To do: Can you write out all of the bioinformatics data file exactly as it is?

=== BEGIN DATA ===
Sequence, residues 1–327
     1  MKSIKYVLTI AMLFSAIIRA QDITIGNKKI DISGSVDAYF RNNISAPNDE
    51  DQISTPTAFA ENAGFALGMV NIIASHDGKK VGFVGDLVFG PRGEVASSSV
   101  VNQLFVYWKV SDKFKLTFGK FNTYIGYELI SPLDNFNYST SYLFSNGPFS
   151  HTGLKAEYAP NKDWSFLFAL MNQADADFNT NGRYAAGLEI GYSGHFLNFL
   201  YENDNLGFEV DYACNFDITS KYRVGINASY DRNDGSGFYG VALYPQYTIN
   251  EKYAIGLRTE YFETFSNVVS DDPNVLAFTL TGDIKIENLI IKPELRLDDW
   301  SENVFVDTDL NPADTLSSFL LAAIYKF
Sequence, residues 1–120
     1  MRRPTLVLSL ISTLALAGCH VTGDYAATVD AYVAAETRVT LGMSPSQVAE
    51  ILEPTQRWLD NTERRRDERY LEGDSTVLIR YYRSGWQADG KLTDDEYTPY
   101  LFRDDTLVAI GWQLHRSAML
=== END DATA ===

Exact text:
Sequence, residues 1–327
     1  MKSIKYVLTI AMLFSAIIRA QDITIGNKKI DISGSVDAYF RNNISAPNDE
    51  DQISTPTAFA ENAGFALGMV NIIASHDGKK VGFVGDLVFG PRGEVASSSV
   101  VNQLFVYWKV SDKFKLTFGK FNTYIGYELI SPLDNFNYST SYLFSNGPFS
   151  HTGLKAEYAP NKDWSFLFAL MNQADADFNT NGRYAAGLEI GYSGHFLNFL
   201  YENDNLGFEV DYACNFDITS KYRVGINASY DRNDGSGFYG VALYPQYTIN
   251  EKYAIGLRTE YFETFSNVVS DDPNVLAFTL TGDIKIENLI IKPELRLDDW
   301  SENVFVDTDL NPADTLSSFL LAAIYKF
Sequence, residues 1–120
     1  MRRPTLVLSL ISTLALAGCH VTGDYAATVD AYVAAETRVT LGMSPSQVAE
    51  ILEPTQRWLD NTERRRDERY LEGDSTVLIR YYRSGWQADG KLTDDEYTPY
   101  LFRDDTLVAI GWQLHRSAML